Terry Robb: Confessin’ My Dues (2019). If you’re looking for a change of pace, a downshift into a stellar set of acoustic blues, look no further than this album. Robb is clearly a living master of the guitar with more of a debt to ‘gentleman blues’ players like Chet Atkins and Les Paul than the all-out electric blues of Johnny Winter or Jimi Hendrix. And he’s Canadian! Currently living in Portland, Oregon, Robb received the Muddy Award for Best Acoustic Guitar by the Cascade Blues Association for 19 consecutive years, from inception of the award category in 1992 until it was renamed in his honour in 2011. His fingerpicking finesse opens the album with Butch Holler Stomp and Still on 101 and carries seemingly effortlessly throughout the album on both acoustic and resonator guitars. Like his guitar style, his vocals are clear and precise, not at all your prototypical sandpaper-throated classic blues singer, as on How a Free Man Feels, Confessin’ My Dues, Heart Made of Steel and Keep Your Judgment. Robb works with a traditional three-piece combo of guitar, drums (Gary Hobbs) and standup bass (Dave Captein), and seems most comfortable on the many instrumental numbers on the album. On numbers like Darkest Road I’m Told and High Desert Everywhere you can clearly hear echoes of Robert Johnson, still resonating (pardon the pun) with blues players nearly a century after his heyday. Though it’s probably more accurate to say that High Desert Everywhere is Johnson filtered through Ry Cooder. There truly isn’t a weak number to be heard anywhere here, thanks to Robb’s fluent, crystal-clear technique and compositional ability. A pristine delight from start to finish.

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The Ellis-Mano Band, managed out of Germany. Photo courtesy band website.

Ellis Mano Band: Here and Now (2019). I had a musician friend tell me the other day: “A bad singer’s a deal-breaker for me. Good singers are hard to find.” Well, Chris Ellis is a standout vocalist, with a wide range of expressive abilities. At times he reminds me of the gorgeously resonant singing done by Daniel Lanois on his classic album Acadie. The band is named for Ellis and guitarist Edis Mano, and what a combination! Like Matty Wall, the sound is a blend of rock and blues, hard-hitting when it needs to be—as on Whiskey—and shifting down a few gears for tracks like Here and Now, Where We Belong, Goodbye My Love and others. Ellis has the ideal ballad singer’s voice, with a broad range, effortless vibrato and passionate delivery. Ellis and Mano’s songwriting displays a keen understanding of how to build emotional dynamics in a song. One of the standout tracks on the album is Badwater, which starts off understated but gradually builds in intensity thanks again to Ellis’s vocal sensitivity. The album closes with the joyful Dixie jazz stomp of Jeannine. Keyboard player Manuel Halter’s Hammond organ links the band’s sound to classic blues but never dominates the proceedings. Guitarist Mano is similarly restrained, sacrificing showboating for overall texture and mood. This may not be the album for guitar hero worshippers but for those looking for well-crafted songs delivered by a soulful vocalist it’s sure to please.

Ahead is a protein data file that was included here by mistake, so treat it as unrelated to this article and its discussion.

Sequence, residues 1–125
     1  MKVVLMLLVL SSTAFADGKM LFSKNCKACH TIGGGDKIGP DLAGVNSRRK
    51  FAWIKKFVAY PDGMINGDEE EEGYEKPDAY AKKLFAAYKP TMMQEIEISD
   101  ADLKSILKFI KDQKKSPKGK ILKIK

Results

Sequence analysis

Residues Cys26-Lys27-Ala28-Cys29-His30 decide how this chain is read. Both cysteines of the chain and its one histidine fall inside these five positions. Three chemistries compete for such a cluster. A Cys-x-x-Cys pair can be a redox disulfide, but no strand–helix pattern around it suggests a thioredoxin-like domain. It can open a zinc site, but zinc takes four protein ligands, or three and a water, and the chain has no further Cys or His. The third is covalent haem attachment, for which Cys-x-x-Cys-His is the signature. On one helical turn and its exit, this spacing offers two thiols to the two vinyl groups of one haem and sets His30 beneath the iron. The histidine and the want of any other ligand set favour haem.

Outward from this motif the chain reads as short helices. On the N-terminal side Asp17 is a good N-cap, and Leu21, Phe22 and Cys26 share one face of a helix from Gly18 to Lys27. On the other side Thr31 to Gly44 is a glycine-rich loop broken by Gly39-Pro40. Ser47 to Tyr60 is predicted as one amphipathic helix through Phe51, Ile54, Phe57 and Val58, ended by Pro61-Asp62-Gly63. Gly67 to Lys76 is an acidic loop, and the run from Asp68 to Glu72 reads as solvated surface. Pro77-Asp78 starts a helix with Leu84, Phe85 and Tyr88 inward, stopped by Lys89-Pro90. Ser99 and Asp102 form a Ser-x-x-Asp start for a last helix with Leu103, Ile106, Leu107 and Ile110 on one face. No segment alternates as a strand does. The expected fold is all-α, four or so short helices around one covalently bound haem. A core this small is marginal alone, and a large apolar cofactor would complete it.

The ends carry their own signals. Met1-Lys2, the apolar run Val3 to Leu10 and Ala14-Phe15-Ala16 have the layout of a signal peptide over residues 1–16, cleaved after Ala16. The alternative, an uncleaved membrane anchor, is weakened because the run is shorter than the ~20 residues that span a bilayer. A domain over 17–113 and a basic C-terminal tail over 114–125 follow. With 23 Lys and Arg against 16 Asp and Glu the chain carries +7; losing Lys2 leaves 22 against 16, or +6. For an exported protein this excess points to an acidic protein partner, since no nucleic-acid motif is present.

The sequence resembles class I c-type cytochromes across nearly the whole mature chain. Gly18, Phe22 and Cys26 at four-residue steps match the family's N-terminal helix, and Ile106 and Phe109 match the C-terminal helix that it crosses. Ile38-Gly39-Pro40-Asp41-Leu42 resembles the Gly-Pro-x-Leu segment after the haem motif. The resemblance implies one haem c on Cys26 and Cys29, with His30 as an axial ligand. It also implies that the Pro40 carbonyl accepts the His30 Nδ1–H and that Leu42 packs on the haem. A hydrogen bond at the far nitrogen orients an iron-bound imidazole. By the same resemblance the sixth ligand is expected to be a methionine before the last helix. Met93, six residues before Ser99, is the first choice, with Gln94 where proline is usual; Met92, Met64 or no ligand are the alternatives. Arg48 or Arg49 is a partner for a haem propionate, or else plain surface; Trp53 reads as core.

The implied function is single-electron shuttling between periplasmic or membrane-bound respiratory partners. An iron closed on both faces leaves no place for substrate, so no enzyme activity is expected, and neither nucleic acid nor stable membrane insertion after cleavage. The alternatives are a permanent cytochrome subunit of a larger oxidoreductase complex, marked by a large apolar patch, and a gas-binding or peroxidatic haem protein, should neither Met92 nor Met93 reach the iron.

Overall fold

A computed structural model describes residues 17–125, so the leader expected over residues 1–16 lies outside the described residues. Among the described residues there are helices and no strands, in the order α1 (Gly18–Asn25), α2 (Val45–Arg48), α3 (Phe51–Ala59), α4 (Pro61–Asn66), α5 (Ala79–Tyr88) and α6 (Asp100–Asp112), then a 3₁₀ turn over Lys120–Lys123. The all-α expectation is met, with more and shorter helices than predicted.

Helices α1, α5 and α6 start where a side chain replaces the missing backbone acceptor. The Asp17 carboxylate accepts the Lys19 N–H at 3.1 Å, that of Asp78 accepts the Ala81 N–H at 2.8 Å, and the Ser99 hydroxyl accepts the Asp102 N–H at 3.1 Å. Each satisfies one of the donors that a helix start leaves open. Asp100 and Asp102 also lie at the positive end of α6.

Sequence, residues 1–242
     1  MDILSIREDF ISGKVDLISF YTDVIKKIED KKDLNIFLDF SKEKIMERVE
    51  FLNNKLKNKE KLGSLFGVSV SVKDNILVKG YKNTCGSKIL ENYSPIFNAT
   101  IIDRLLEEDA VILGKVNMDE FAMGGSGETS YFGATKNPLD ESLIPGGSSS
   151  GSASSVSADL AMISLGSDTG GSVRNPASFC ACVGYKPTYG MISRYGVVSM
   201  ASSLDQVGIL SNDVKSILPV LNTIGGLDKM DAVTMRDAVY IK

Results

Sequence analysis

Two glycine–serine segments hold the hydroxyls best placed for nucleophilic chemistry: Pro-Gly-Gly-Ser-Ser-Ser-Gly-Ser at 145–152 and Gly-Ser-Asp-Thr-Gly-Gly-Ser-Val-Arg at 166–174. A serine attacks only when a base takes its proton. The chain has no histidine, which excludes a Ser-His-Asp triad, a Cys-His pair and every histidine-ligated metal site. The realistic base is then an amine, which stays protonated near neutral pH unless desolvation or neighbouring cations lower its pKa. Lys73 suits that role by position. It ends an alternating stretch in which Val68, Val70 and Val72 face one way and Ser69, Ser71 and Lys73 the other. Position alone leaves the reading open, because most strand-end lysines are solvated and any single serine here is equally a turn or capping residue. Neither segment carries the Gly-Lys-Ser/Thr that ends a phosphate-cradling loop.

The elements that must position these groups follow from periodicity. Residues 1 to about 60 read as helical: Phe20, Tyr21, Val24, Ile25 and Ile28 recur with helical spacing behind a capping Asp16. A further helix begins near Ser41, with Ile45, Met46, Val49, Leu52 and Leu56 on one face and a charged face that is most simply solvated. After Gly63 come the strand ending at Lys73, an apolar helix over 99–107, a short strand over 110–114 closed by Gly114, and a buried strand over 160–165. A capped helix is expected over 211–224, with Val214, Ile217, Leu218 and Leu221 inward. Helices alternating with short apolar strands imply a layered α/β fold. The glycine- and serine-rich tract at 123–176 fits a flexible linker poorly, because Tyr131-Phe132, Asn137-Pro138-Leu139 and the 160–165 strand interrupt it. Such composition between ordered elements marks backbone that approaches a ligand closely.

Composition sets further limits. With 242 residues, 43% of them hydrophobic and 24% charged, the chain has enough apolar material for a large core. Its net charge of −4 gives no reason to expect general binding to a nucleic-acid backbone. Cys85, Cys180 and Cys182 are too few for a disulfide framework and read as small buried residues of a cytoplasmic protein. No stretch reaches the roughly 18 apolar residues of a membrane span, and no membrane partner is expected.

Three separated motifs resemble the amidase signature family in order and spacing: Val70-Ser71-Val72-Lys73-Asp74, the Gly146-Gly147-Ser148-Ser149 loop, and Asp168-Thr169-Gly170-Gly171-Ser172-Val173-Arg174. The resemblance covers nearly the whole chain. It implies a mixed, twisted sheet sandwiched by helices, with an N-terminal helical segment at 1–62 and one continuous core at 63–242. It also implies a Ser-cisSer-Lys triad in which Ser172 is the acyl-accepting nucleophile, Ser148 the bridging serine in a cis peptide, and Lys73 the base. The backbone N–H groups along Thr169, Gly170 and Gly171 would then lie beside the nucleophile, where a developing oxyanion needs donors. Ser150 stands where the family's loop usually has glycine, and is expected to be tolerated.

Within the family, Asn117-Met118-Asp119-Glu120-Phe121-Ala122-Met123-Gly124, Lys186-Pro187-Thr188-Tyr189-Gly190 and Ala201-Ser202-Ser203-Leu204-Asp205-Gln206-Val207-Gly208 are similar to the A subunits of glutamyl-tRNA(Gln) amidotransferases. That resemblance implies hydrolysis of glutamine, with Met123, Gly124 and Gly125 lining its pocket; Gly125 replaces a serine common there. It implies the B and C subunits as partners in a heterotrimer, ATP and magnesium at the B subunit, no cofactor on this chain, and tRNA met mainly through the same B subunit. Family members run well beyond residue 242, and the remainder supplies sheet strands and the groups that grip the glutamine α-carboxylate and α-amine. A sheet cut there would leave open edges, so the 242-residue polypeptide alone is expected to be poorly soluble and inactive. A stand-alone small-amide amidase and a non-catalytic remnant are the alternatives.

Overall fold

‘March of the Blues Divas’ June 11, 2017

‘Queens of the Gutbucket Blues,’ February 5, 2018

‘Thornetta Davis: A New Blues Classic,’ February 16, 2017

‘An Interview with Ice Queen Sue Foley,’ July 31, 2018

‘Holly Hyatt Releases Solo Album Wild Heart,’ April 29, 2019

‘Catching Up on the Canuck Blues,’ February 27, 2018

Matty T. Wall website:

Ellis Mano Band website:

Terry Robb website:

Terry Robb on Wikipedia:

Steve Strongman website:



About seanarthurjoyce

I am a poet, journalist and author with a strong commitment to the environment and social justice. If anything, I have too many interests and too little time in a day to pursue them all. Film, poetry, literature, music, mythology, and history probably top the list. My musical interests lie firmly in rock and blues with a smattering of folk and world music. I consider myself lucky to have lived during the great flowering of modern rock music during its Golden Age in the late 1960s/early '70s. In poetry my major inspirations are Dylan Thomas, Rilke, Neruda and the early 20th century British/American poets: Auden, Eliot, Cummings. My preferred cinema includes the great French auteurs, Kirosawa, Orson Welles, and Film Noir. My preferred social causes are too numerous to mention but include banning GMOs, eliminating poverty (ha-ha), and a sane approach to forest conservation and resource extraction. Wish me—wish us all—luck on that one!